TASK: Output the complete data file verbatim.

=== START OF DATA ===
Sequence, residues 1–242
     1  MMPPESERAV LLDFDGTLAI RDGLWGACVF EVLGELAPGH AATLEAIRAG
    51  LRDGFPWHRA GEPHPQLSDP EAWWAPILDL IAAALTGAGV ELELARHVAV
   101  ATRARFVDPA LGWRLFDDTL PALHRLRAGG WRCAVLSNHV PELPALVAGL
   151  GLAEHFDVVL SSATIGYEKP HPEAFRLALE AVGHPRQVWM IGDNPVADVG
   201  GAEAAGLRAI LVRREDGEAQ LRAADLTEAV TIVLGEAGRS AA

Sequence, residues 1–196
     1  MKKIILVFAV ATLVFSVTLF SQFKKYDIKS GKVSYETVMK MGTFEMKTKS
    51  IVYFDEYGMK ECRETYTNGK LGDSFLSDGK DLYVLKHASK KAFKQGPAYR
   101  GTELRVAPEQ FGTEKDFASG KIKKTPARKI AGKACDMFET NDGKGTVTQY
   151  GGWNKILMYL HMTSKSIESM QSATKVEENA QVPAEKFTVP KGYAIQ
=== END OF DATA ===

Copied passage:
Sequence, residues 1–242
     1  MMPPESERAV LLDFDGTLAI RDGLWGACVF EVLGELAPGH AATLEAIRAG
    51  LRDGFPWHRA GEPHPQLSDP EAWWAPILDL IAAALTGAGV ELELARHVAV
   101  ATRARFVDPA LGWRLFDDTL PALHRLRAGG WRCAVLSNHV PELPALVAGL
   151  GLAEHFDVVL SSATIGYEKP HPEAFRLALE AVGHPRQVWM IGDNPVADVG
   201  GAEAAGLRAI LVRREDGEAQ LRAADLTEAV TIVLGEAGRS AA

Sequence, residues 1–196
     1  MKKIILVFAV ATLVFSVTLF SQFKKYDIKS GKVSYETVMK MGTFEMKTKS
    51  IVYFDEYGMK ECRETYTNGK LGDSFLSDGK DLYVLKHASK KAFKQGPAYR
   101  GTELRVAPEQ FGTEKDFASG KIKKTPARKI AGKACDMFET NDGKGTVTQY
   151  GGWNKILMYL HMTSKSIESM QSATKVEENA QVPAEKFTVP KGYAIQ